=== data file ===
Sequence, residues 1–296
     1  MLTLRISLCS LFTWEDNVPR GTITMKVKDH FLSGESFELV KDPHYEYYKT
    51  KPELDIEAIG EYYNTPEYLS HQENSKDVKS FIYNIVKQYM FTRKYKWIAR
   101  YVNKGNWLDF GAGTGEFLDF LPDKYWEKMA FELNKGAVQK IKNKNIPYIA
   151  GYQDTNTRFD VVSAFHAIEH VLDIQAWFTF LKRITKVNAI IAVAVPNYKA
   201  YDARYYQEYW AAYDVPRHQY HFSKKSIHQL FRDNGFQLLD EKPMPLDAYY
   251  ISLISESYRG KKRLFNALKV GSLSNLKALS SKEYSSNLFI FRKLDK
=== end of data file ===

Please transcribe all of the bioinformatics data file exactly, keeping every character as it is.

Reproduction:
Sequence, residues 1–296
     1  MLTLRISLCS LFTWEDNVPR GTITMKVKDH FLSGESFELV KDPHYEYYKT
    51  KPELDIEAIG EYYNTPEYLS HQENSKDVKS FIYNIVKQYM FTRKYKWIAR
   101  YVNKGNWLDF GAGTGEFLDF LPDKYWEKMA FELNKGAVQK IKNKNIPYIA
   151  GYQDTNTRFD VVSAFHAIEH VLDIQAWFTF LKRITKVNAI IAVAVPNYKA
   201  YDARYYQEYW AAYDVPRHQY HFSKKSIHQL FRDNGFQLLD EKPMPLDAYY
   251  ISLISESYRG KKRLFNALKV GSLSNLKALS SKEYSSNLFI FRKLDK